My Life with Complex Regional Pain Syndrome


Today is Color the World Orange Day – a day to spread awareness about Complex Regional Pain Syndrome. For those of you (most of you actually) who don’t know, I have lived with widespread CRPS since 2005. 

What is Complex Regional Pain Syndrome?

CRPS is a chronic neurological disorder that causes intense pain in parts of the body (frequently isolated in a leg or arm) often triggered by an acute injury or trauma.

Symptoms include dull to severe pain in one particular limb but can also be spread out through the entire body. Stress, injuries, and cold temperatures can increase pain levels. While this is technically an “invisible illness,” physical changes such as swelling and discoloration can occur.

CRPS is caused by damage to or malfunction of the peripheral and central nervous systems. It is essentially a glitch in those pain signals that are sent from the brain and spinal cord to the rest of the body.

There is currently no cure – treatment includes physical/occupational therapy, biofeedback, and pain killers.

My History with CRPS

Personally, my CRPS affects my entire body but is accentuated in a few different areas. While I experience intense, dull pain throughout my entire body, I suffer from stabbing pain in my back and hands. My hands will swell and become purple when the pain is particularly intense. Cold weather and stress increase my pain levels dramatically.

Back in 2005, I had been suffering severe pain throughout my whole body after injuring my knees in a soccer tournament. I was tested for almost every disease on the planet. There seemed to be no doctor that could help me. I was reduced to a wheelchair and could not attend the second half of sixth grade. I was going to the doctor once a week to get IV infusions.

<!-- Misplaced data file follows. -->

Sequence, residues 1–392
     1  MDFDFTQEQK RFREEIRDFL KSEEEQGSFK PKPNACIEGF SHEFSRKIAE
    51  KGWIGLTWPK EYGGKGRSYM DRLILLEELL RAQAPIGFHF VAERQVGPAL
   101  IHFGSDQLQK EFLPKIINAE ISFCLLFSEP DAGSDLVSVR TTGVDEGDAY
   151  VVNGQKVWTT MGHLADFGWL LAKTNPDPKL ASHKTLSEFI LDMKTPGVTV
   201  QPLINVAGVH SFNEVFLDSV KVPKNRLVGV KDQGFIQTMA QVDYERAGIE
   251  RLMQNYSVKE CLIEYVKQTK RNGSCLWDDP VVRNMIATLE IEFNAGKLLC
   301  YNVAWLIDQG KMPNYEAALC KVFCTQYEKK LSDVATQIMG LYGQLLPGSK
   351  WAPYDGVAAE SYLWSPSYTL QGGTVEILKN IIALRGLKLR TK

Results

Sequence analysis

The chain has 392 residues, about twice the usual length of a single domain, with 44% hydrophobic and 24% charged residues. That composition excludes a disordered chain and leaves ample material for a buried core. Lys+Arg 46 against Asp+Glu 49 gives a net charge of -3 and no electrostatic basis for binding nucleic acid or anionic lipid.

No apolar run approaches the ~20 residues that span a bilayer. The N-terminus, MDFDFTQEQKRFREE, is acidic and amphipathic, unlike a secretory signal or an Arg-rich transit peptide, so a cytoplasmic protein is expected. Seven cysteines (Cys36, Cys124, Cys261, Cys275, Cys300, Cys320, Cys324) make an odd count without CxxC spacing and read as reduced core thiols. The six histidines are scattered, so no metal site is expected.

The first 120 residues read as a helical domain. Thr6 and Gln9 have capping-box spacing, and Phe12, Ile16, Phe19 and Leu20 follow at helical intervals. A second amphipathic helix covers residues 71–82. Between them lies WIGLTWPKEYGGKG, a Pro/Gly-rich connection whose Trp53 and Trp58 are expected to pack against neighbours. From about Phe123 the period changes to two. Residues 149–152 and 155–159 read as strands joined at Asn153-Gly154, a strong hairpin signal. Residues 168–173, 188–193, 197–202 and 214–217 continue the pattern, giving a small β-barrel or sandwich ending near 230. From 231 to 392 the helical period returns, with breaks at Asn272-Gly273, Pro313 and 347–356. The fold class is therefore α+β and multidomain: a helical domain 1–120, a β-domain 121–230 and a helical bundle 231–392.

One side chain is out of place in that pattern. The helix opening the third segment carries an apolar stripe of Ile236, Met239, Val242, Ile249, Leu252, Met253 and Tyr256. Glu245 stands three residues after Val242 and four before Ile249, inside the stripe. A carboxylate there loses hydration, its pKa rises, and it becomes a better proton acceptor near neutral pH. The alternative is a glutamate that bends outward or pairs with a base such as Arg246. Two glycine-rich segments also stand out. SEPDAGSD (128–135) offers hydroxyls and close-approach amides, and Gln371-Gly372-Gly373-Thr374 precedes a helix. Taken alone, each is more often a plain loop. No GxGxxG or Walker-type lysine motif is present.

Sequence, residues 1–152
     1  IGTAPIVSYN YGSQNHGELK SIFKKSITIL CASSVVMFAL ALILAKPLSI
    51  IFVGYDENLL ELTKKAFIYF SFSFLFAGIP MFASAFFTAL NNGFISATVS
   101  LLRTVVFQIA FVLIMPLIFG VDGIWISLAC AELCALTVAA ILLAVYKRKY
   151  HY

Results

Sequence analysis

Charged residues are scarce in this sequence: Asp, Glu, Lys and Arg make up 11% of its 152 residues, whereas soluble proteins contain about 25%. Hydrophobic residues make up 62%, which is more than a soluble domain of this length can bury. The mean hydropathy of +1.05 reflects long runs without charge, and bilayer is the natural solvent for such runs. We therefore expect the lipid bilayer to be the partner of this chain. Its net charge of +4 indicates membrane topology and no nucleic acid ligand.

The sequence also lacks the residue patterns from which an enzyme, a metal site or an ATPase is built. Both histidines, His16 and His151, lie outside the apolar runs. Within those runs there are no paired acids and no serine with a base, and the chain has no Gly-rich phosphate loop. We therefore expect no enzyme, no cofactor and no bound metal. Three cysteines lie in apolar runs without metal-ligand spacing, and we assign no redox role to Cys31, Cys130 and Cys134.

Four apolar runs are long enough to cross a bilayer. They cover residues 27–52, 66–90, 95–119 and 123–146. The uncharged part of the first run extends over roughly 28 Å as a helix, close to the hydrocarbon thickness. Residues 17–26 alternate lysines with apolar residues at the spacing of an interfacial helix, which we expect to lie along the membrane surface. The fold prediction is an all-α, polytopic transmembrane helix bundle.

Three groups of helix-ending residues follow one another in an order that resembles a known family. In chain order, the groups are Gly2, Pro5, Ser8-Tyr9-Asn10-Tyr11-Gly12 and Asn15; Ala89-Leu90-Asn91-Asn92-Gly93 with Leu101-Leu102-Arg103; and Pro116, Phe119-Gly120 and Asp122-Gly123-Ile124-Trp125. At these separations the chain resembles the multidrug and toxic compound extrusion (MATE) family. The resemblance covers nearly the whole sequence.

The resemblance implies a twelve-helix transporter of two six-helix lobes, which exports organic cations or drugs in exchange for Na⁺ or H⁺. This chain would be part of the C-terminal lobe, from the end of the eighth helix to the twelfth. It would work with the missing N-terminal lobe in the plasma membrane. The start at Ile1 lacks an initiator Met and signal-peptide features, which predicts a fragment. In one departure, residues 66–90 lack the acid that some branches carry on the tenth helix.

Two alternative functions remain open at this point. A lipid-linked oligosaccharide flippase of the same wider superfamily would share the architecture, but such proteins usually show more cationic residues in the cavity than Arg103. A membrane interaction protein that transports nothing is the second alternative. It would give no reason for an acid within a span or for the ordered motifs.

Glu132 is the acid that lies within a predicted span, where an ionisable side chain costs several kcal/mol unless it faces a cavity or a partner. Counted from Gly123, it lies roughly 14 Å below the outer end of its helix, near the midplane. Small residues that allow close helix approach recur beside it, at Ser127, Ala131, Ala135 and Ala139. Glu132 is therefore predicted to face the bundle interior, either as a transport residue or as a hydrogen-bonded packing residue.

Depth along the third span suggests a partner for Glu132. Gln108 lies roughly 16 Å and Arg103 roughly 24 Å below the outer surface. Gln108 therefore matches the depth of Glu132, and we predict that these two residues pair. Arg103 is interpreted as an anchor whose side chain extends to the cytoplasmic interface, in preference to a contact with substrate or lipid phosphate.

My pain restricted me from doing simple everyday tasks such as walking and bathing. I relied heavily on my parents and nanny. I couldn’t stand to be touched at all. It was a very, very dark and confusing time for me. I can honestly say I never felt more alone. Not knowing what is wrong with your body is one of the scariest feelings in the world. You feel completely and utterly helpless.

Finally, I was diagnosed with CRPS – what was then called Reflex Neurovascular Dystrophy – in the spring of 2006. At this point in time, there was little to no research on this disease – it didn’t even have a Wikipedia page.

I was given a home physical and occupational therapy treatment plan and sent on my way. Unfortunately, my pain levels were so severe, I simply lacked the motivation and ability to complete the home program effectively. At the end of summer in 2006, I was put on the wait list for Seattle Children’s Hospital’s intensive treatment program. Seattle Children’s was one of two facilities in the entire country at the time that offered this program. I was accepted into the program in the spring of 2007.

This three to eight week program consisted of intensive therapy – both mental and physical – for 6 hours a day. Since I lived close to the hospital, I was able to live at home and commute each day. I was so blessed to be able to go home every night instead of doing the in-patient program.